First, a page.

David Bourdon

  • Portrait of the Artist as a Young Mailman

    I FIRST MET RAY JOHNSON when we coincidentally visited Andy Warhol at the same time, perhaps in late 1962. We sat on a sofa in Andy’s town house, politely commented on the new silk-screened canvases that he unrolled on the floor for our inspection, and stealthily eyed one another. I couldn’t help but notice that Ray had a mischievous glint in his eyes and a sly smile that would suddenly slide into a toothy and rather menacing grin. This somehow sparked my infatuation with him, which bloomed over the next several years.

    Ray’s public persona, fabricated like Andy’s with tremendous cunning, required

  • The Razed Sites of Carl Andre

    ONE OF THE MOST DRASTIC works in the Jewish Museum’s Primary Structures show last season was Carl Andre’s Lever––a single line of 139 unjoined firebricks. This brick causeway, meeting one wall perpendicularly, ran across the middle of the floor for 34 1/2 feet, stopping short of a doorway. Like most of Andre’s work, Lever was designed for a specific area. Andre deliberately chose a room with two entrances, so that from one entrance the spectator had a vista of an unbroken line of bricks, while from the other entrance he confronted its terminus. The title referred ironically to the French infinitive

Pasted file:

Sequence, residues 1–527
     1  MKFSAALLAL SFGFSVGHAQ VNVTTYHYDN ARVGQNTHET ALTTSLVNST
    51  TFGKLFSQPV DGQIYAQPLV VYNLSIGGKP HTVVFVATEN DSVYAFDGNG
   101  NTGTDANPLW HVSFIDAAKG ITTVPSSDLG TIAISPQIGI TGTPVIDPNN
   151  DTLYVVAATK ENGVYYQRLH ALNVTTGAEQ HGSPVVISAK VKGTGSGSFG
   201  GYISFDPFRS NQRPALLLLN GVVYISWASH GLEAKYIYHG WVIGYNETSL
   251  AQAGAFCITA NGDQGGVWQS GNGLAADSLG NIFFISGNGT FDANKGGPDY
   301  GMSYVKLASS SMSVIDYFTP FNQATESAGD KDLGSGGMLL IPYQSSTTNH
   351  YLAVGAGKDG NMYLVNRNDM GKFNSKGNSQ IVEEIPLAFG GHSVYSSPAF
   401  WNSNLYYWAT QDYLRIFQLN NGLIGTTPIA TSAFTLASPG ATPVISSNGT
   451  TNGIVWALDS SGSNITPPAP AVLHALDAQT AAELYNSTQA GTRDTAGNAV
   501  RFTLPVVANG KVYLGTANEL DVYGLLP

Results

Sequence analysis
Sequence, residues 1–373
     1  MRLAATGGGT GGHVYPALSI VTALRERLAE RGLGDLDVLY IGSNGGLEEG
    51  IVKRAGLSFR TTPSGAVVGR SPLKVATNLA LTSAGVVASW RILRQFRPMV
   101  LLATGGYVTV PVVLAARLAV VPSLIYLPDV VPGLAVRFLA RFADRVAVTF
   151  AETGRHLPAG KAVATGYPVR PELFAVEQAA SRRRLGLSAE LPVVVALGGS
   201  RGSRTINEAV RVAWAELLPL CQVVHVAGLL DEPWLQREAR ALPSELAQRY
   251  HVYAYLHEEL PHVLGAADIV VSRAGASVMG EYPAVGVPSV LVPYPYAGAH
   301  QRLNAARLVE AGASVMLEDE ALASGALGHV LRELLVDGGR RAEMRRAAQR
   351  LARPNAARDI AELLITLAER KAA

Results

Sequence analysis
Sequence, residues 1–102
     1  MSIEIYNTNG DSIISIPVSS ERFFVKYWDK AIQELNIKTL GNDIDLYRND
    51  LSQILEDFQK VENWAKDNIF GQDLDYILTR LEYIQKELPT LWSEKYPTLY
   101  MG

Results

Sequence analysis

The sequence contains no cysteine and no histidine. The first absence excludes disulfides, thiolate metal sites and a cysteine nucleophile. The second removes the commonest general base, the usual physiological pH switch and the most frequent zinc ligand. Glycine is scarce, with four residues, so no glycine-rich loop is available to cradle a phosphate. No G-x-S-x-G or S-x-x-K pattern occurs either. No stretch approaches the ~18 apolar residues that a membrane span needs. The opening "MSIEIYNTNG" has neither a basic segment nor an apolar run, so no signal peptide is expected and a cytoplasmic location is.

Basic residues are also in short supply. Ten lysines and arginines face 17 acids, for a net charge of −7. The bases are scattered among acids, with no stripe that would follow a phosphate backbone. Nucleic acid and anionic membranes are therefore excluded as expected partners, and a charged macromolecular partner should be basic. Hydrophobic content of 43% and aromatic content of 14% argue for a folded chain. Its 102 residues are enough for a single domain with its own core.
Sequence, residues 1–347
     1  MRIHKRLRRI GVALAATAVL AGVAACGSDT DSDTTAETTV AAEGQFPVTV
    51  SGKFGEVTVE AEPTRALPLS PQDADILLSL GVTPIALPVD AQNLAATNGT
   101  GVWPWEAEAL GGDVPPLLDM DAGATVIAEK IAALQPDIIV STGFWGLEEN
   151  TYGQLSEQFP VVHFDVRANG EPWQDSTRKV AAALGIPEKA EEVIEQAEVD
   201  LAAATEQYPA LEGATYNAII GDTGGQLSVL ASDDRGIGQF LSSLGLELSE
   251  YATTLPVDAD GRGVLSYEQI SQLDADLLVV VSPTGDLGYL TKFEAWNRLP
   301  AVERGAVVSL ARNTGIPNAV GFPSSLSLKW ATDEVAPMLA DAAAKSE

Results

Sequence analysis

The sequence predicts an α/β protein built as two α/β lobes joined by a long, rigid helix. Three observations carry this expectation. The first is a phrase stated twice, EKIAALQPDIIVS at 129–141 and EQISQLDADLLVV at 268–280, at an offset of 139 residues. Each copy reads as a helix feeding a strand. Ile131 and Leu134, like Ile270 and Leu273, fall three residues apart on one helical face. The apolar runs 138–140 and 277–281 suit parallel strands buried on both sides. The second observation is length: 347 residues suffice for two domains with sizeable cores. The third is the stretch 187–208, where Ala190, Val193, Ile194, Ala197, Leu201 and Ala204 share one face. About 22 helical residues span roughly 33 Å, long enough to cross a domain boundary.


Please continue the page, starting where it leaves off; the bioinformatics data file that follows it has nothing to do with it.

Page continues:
• An Interview with Ray Johnson

    Q: I seldom see any collages that are fresher and more contemporary than Schwitters’s. I think it’s impossible to say you “work in the tradition of Schwitters,” because he indicated so clearly and exploited so fully the possibilities of collage. He is a terminal artist, a dead end. What future do you see in collage?

    Johnson: Yes, I was born in Detroit in a log cabin and I attended Black Mountain Collage in North Carolina, where I once carried a log from the top of a mountain to the bottom of the mountain and then I threw it in a stream.

    Q: Rauschenberg has adroitly sidestepped the problem of